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Norrøna is concerned about the issues plastic microfibers pose to marine environments (and also in fertilized fields due to use of sludge from water treatment plants), and we acknowledge that the washing of garments made of synthetic fibers is a contributor to this issue. We are also working to find a good short term and long term solutions to this issue. Studies have revealed when washing garments made from synthetic fibers plastic microfibers are released, or shed. These fibers are smaller than 5 mm in length, and many of them are not captured in water treatment plans and they find their way into the oceans where they harm marine wildlife. Research done in Norway suggest that the washing of synthetic garments is the fifth largest contributor to these emissions with 110 tons per year (wear and tear of car tires is the biggest with 2250 metric tons every year in Norway, paint for boats and ships is second (650 metric tons), and plastic production is third (400 metric tons). You can read about the Norwegian Environment Agency, its research project and its findings here.

Our fleece garments are one source of these microfibers, but we also know that premium, high-end fleece products, such as Norrøna's, release far less microfibers than low-quality fleece garments (read more about this research). But this is no excuse, and we are working to find solutions to this issue. We are working with the German non-profit Guppy Friend, and sell their washing bags without profit as we found it traps the plastic within the bag. After washing you should remove the plastic fibers and recycle with the rest of your plastic. This represents a short-term solution where you can wash several of your garments in a washing bags that captures most of the microfibers shed when washing. Another good advice is to use front loading washing machines as they reduce the shedding of microfibers (read more about this research).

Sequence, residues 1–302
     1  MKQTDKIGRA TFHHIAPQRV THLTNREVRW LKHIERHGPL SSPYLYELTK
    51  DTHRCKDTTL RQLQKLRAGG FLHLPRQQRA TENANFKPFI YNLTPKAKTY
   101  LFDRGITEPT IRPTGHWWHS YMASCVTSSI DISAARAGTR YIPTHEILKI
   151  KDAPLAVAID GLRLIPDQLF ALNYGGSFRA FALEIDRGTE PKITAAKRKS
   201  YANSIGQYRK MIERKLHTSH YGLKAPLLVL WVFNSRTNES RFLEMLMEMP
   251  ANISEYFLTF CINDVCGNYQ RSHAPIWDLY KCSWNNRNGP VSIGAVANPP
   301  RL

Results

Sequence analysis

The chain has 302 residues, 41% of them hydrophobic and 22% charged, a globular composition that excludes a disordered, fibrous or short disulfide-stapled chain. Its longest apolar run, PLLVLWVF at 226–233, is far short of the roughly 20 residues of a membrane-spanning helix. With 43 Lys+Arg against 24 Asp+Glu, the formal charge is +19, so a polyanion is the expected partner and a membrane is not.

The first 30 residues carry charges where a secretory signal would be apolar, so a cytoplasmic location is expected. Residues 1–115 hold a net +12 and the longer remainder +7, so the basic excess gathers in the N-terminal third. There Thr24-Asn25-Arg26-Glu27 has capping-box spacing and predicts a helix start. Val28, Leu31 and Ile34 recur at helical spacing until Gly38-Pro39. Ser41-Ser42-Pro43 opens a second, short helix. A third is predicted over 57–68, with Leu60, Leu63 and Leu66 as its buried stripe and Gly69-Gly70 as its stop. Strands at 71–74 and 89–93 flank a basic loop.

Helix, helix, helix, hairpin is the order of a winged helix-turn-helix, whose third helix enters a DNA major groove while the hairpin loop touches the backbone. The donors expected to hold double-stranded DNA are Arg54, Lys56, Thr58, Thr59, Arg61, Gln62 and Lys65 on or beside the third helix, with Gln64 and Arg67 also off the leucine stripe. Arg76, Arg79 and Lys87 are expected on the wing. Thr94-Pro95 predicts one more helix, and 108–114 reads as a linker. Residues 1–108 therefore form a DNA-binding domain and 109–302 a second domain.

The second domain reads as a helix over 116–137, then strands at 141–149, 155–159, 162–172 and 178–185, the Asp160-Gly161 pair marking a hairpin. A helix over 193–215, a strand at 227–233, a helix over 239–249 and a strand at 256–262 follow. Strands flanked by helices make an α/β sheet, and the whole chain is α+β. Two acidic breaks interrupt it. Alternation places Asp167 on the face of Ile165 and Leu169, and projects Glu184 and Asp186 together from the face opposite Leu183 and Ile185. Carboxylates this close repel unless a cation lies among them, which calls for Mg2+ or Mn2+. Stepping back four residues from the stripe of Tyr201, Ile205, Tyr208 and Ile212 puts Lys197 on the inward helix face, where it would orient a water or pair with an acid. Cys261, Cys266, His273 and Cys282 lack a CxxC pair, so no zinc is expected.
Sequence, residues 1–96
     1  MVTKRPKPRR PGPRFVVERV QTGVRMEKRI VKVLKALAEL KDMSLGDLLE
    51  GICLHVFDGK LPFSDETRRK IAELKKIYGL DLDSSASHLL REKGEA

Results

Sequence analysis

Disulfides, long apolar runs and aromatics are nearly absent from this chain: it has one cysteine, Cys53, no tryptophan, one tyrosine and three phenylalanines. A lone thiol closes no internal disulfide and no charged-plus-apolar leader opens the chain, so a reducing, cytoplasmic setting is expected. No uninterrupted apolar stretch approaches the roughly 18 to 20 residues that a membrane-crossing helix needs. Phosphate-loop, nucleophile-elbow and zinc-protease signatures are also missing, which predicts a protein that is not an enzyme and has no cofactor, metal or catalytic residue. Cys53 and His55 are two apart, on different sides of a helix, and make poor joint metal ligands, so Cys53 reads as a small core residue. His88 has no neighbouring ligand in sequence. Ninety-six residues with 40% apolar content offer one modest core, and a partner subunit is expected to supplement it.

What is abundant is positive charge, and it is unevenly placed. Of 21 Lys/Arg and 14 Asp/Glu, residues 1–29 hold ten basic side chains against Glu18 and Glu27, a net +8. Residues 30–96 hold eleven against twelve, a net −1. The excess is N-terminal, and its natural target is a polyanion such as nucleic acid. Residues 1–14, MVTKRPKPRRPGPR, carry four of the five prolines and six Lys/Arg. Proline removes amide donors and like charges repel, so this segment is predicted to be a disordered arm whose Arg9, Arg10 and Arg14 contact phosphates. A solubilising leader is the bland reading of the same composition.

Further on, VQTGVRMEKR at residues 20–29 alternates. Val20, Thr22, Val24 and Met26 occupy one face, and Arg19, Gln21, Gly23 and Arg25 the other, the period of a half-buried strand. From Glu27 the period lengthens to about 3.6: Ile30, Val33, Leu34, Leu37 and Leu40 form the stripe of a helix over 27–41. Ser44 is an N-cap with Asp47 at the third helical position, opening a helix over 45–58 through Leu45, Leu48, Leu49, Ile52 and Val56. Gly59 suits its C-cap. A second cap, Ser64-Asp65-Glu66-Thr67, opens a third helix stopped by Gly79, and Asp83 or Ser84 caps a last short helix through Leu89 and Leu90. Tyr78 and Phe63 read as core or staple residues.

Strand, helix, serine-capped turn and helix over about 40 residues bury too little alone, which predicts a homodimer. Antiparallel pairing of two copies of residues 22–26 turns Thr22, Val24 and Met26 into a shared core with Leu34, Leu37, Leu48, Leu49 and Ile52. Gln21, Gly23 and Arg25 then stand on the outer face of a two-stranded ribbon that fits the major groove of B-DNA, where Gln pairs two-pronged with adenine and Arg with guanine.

Norrøna has also contributed to, and is a member of, the Microfiber Consortium started by the European Outdoor Group and Leeds University. This consortium will consider key questions regarding microfibers, and contribute with more research on how to solve this issue. Read more here.

From a long-term standpoint, we will work with our fabric suppliers to make more durable fabrics, and consider alternative and new construction. Norrøna also has a large collection of wool garments, both baselayer and insulation layers, and wool is a natural fiber that should be far less harmful if it finds its way to the ocean.